Only needed one
Few people would believe you if you predicted that fullback Andy Janovich would score the Broncos' first touchdown of the 2016 season. The rookie only had one carry, but he made it count, breaking free for a 28-yard touchdown run to tie the game at seven in the first quarter.
“It felt pretty good, but I was positive that I was going to get caught from behind. I'm not the fastest guy out there,” Janovich joked.
It may have been the rookie’s only carry, but he was a crucial reason the Broncos were able to establish the running game early Thursday night. He helped create lanes for C.J. Anderson all night, which he converted into a two-touchdown night with 148 yards from scrimmage.
“That was huge,” Anderson said of the fullback’s blocking. “Being behind Andy and seeing him pick up the things he picks up, it springs big runs for me or for [RB Devontae] Booker.”
Thursday night also signified an unfathomable dream turned reality for a former walk-on at the University of Nebraska. The first touchdown is behind him, the first victory is in the books and as Janovich said after the game, “It’s real now.”
Despite a picture-perfect first NFL game, the rookie said there’s plenty he needs to work on, like cleaner blocks so Anderson can continue to hit the gaps; however, Anderson just wants the rookie to have a little fun and learn how to celebrate the big moments.
“He just tossed the ball to the ref," Anderson said, "but I was like, 'That’s your first touchdown.' I had to run out there and get the ball and give it back to him. I was excited for him.”
Marshall takes a knee
“First of all, I’m not against the military [and] I’m not against the police or America. I’m just against social injustice.”
Those were the first words Brandon Marshall said publicly after choosing to kneel during Thursday's pregame national anthem performance, joining 49ers quarterback Colin Kaepernick’s protest of the nation’s social injustice.
Marshall, a former college teammate of Kaepernick at the University of Nevada, completely understood the risks associated with his public display, but after a long consideration, the linebacker felt inclined to make a statement.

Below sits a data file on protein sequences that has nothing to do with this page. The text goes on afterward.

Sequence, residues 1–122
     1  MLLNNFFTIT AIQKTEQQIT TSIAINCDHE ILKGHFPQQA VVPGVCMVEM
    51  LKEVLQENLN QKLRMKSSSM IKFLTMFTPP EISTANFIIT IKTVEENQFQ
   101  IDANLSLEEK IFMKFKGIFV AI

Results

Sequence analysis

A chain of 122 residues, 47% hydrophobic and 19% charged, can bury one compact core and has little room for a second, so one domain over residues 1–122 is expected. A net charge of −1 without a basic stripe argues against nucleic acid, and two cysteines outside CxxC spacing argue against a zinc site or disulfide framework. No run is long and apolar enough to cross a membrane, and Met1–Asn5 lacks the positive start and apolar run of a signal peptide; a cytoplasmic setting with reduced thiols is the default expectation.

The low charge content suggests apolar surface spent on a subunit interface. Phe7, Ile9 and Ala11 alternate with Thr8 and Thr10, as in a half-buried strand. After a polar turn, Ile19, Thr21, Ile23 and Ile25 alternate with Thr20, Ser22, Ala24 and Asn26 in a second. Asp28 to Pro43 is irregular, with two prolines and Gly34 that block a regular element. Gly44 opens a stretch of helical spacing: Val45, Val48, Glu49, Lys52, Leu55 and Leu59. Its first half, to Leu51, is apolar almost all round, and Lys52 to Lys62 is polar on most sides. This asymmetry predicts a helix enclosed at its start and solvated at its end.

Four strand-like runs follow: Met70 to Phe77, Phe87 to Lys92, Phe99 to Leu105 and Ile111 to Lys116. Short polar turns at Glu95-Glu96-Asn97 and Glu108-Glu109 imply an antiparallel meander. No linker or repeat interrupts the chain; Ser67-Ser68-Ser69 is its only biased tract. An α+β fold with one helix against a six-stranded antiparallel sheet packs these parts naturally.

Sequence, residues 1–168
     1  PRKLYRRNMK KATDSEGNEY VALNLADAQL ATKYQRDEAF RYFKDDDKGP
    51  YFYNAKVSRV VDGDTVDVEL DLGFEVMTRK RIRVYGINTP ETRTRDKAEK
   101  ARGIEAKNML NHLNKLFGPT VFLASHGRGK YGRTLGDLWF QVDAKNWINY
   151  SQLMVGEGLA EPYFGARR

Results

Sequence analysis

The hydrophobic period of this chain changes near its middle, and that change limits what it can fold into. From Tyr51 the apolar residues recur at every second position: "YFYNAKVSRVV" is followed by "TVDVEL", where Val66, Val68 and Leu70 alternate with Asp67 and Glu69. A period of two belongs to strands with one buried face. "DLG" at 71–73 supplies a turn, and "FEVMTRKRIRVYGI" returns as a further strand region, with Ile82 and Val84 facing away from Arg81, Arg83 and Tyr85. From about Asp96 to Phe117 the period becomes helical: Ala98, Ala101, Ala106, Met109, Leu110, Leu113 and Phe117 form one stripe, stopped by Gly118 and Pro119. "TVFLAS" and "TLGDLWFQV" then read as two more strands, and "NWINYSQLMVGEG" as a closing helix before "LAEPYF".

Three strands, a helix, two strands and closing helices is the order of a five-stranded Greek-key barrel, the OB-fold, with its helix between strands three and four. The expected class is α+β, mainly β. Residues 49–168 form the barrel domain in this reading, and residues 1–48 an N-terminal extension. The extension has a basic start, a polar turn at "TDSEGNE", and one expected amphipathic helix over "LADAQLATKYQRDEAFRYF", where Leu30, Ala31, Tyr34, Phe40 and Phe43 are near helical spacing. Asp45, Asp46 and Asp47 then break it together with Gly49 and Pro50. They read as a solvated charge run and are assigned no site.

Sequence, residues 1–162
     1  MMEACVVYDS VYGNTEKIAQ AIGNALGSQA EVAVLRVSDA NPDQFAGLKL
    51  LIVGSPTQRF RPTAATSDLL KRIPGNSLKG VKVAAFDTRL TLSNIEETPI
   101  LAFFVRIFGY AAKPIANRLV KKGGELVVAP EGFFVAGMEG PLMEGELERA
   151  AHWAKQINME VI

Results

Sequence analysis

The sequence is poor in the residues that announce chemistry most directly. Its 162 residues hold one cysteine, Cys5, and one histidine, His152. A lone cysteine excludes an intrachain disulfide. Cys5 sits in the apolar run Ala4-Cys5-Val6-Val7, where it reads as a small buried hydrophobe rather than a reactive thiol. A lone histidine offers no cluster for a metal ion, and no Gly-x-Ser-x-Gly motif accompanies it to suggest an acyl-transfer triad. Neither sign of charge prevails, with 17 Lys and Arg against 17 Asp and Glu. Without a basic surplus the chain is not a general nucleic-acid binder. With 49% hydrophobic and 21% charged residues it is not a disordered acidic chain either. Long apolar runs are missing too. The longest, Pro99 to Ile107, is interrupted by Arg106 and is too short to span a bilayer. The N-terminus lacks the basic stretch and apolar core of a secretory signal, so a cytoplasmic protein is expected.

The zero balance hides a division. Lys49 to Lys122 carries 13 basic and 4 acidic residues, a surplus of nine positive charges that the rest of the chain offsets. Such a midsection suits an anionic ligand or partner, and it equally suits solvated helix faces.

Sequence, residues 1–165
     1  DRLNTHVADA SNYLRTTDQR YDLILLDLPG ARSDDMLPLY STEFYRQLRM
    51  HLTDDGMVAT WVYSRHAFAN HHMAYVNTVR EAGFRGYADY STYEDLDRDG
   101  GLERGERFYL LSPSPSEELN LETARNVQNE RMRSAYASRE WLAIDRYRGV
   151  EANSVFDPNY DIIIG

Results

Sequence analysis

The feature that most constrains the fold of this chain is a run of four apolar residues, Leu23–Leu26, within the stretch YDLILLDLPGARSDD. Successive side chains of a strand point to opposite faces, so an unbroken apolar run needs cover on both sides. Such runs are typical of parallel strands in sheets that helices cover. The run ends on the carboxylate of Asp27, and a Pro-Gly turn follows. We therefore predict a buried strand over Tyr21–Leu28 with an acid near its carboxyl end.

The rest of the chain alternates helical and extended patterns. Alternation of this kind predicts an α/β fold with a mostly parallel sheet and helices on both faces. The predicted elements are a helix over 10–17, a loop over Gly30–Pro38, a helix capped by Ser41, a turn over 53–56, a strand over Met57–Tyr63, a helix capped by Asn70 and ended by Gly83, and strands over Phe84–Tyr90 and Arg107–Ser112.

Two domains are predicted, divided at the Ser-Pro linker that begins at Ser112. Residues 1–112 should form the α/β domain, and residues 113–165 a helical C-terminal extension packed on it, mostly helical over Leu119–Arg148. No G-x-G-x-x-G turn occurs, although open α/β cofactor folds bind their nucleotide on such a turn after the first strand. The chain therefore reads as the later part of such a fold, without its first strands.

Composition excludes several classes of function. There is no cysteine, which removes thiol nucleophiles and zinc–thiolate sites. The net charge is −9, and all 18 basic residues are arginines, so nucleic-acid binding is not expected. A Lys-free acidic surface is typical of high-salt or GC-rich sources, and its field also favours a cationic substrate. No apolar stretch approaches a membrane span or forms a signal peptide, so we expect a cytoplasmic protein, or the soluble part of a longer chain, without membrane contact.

“I believe in what [Kaepernick’s] trying to do. I believe in his actions so I definitely want to stand by him,” Marshall said. “At the same time, I didn’t want to just do it as far as ‘I’m going to take a knee,’ but I will also donate to programs for veterans and different things like that. I’m going to be active in this.”
For Marshall, it’s more than just taking a knee. It’s about an athlete’s ability to create social change using his prominence, and also about an individual’s right to expression.
“This was the right platform. This is our only platform to really be heard. At times people want us to just shut up and entertain them, shut up and play football, but we have voices as well,” Marshall said. “We are actually educated individuals that went to college. When we have an opinion and we speak it, I feel like a lot of people bash us for what we have to say.”
For Head Coach Gary Kubiak, he believes Marshall has the right to his own beliefs and he’s just going to continue to focus on Brandon Marshall, the football player.
“He’s a great kid. He’s accountable, always does his job. He did his job last night,” said the head coach. “And Brandon has the rights to his belief and stuff and I’m going to keep us focused on the football. He’s always done his job.”
To watch or not to watch?
That is the question. Kubiak did not watch when Panthers kicker Graham Gano attempted a 50-yard field goal with a chance to win the game. Instead, he stared into his play chart, waiting for the reaction of the crowd to indicate the result.
“I’ve always been that way … I can hear what’s going on. I can tell right away what the hell happens,” Kubiak said with a laugh. “I do that sometimes offensively too. We may have a big third down and I’ll be looking at my card for first-and-10. I can tell by the reaction on the headset if we got the first down or not.”